Message for the Month of Mission 2017
‘Mission’ or ‘propagation of the faith’ means the proclamation of the Gospel. It implies that the joy of the Gospel flows out from our hearts towards others, so that we can share joy with our neighbors. For this reason, mission can start only when we feel ecstatic with joy on hearing the Good News. The disciples’s reaction to the resurrection of their Master Jesus provides a prototype of such a joy. For what reason were they happy? Did they feel joy because they expected that through His resurrection and continued presence He might restore their hope for the future by extending His reign over Rome and Israel? This could not have been the reason for their joy. If it was, the seed of Christianity could not have produced any fruit.
Rather they must have found the fountain of joy in other places: as Pope Francis pointed to, the outskirts and margins of society far from the places of the powerful. This is why Christianity has continued up to the present. What, on earth, did the intellectuals of ancient Rome discover among the Jewish Christians who lived in the lowest positions in society, as butchers and morticians, that made them select Christianity as the state religion just a few centuries later?
According to the historians, it was the ‘breaking of bread’ that affected the intellectuals of Rome, eventually leading to their conversions. For them it was ‘marvelous’ to see lower class workers, who lived from hand to mouth, sharing bread and offering it to people who were even poorer than themselves. On top of this, they were surprised and ‘fascinated’ by Christians who found not worldly but heavenly joy in the Gospel from the words, deeds, death and resurrection of Jesus Christ, Son of God. Through the breaking and sharing of bread these Christians found communion with Him. Those who lived close to Christians were touched by their ‘heart of forgiveness’, the forgiveness which cannot be possible without help from the Spirit. The early Christians were filled with the joy of the Gospel in the Spirit of God. Unfortunately, two thousand years later such joy appears to be fading away in today’s Church as is found in the West.
The Catholic Church in Korea with its two hundred year history is not an exceptional one. Nowadays, here too, the joy of the Gospel is diminishing due to money, power and ideological conflict. Though our forefathers in the faith shed their blood as witnesses to the faith during the persecutions the joy of the Gospel is weakening in today's society. To be frank, non-evangelical things reflecting the values of capitalism in Korea have found their way into the prosperous profile of the Church in Korea. The Church behaves like a spiritual organization which has a lot of power and extraterritorial rights. The Church in Korea resembles Korean secular society. At the present time hypocrites, pseudo-prophets and materialists raise their voices, basing their words on ‘pariah capitalism’ and ‘immature democracy’, throughout the Church.
We, as Korean Catholics, living in this time, cannot escape such a reality. And this is the first and foremost reason why we should exert ourselves to restore hope in this country where Korean people suffer as a consequence of spiritual and material poverty. Since it is our duty to take care of the poor, if we fail to do so we are not worthy of being called Christians. We are true Christians when we share the pains and sufferings of our poor neighbors just as Jesus did. The more gratefully we commit ourselves to the task of loving our neighbors the more we will experience the joy of the Gospel.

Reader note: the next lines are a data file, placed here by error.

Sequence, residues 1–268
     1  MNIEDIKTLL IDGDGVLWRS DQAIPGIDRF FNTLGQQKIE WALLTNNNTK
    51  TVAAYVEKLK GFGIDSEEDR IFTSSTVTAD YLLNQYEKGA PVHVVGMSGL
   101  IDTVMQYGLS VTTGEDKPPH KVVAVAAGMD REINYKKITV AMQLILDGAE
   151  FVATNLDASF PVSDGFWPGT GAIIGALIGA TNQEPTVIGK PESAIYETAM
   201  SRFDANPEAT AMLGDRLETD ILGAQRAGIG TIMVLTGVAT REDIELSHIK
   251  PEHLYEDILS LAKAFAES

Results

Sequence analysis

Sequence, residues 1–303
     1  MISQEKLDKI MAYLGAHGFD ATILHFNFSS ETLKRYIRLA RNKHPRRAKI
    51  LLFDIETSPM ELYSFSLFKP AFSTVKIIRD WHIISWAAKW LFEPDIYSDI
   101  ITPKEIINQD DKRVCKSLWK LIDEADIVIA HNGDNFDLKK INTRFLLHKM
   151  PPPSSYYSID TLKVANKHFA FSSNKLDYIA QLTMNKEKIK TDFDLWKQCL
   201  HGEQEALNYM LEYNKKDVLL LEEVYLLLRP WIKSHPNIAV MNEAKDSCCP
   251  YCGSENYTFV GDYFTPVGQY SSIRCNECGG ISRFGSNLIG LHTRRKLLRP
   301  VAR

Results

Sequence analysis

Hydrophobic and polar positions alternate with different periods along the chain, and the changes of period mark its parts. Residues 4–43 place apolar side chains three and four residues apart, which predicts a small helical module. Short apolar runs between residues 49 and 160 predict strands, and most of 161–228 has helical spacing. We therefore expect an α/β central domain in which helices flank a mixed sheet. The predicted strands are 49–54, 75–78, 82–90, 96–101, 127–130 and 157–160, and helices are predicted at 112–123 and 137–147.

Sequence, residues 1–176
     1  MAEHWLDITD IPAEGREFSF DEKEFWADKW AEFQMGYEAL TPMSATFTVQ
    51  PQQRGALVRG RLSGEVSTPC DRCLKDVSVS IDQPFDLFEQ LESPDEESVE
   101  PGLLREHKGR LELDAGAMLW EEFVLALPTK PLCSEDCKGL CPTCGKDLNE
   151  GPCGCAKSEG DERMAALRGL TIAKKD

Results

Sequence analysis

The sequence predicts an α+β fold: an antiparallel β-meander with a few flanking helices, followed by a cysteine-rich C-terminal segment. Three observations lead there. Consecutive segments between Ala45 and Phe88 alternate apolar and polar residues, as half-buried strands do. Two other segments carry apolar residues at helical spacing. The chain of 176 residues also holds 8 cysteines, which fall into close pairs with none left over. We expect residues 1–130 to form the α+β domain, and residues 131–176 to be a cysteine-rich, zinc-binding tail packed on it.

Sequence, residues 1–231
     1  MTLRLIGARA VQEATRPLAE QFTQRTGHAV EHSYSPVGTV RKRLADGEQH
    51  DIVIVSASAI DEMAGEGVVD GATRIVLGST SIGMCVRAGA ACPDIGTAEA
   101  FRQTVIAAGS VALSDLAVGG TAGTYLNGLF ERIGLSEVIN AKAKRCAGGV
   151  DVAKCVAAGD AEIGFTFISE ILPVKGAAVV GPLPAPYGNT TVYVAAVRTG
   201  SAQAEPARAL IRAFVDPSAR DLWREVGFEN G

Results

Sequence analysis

During his pastoral visit to Korea in August, 2014, Pope Francis pointed out the reality of the Church in Korea. He asked us not to yield to the temptations to remove the poor from the Church, to make the Church affluent for the affluent, to make a Church of the well-to-do. Most of all, clerics and religious must be mindful of the twin temptations of money and power. Let us remember the light of the Word and the example of the Korean martyr’s spirit.
First, we must remember what the Lord taught His disciples (cf. Mt 20:24-28), laypeople are central to the Church, followed by religious, priests, and bishops all of whom are lowest and called to serve the faithful. As Paul the Apostle said (cf. 2Cor 4), death (on the Cross) is at work in clerics to give life and the joy of the Gospel to the faithful. Bishops must remain close to their priests, loving and encouraging them in their daily duty, so that priests, in turn, may share fraternal love with religious and believers.
Second, pastors and parochial vicars ought to live the Gospel faithfully not in word but in deed. When priests live in the light of the Gospel they may come to know God’s love and follow the example of Jesus' love for the Father and others. In this way, the preaching on their lips can become true living Words that have the power to change parish communities into genuine ‘small Christian communities’ living in accord with what they teach. As a result, members of these communities will not be lured by pseudoreligions such as Shincheonji, the Church of Jesus, the Temple of the Tabernacle of the Testimony (SCJ).
Third, the only way to cure our spiritual laxity due to our lack of spiritual practice is to share with the least and those most in need. By doing this we can restore the simplicity and purity of heart that we once had in our childhoods.
In conclusion, let us take time to read at least a passage of the Bible and pray about it everyday. Let us be like Jesus, let us obey the Word of God which is truth: “your word is truth” (Jn 17:17). ‘Nothing’ is needed by Christians except the joy of the Gospel. It is my desire to hear from all around me that I have chosen the better part and that they would like to join me so as to share in such a lifestyle. Amen.
Month of Mission
+ Constantine Bae Ki Hyen
Bishop of Masan
CBCK Committee for Evangelization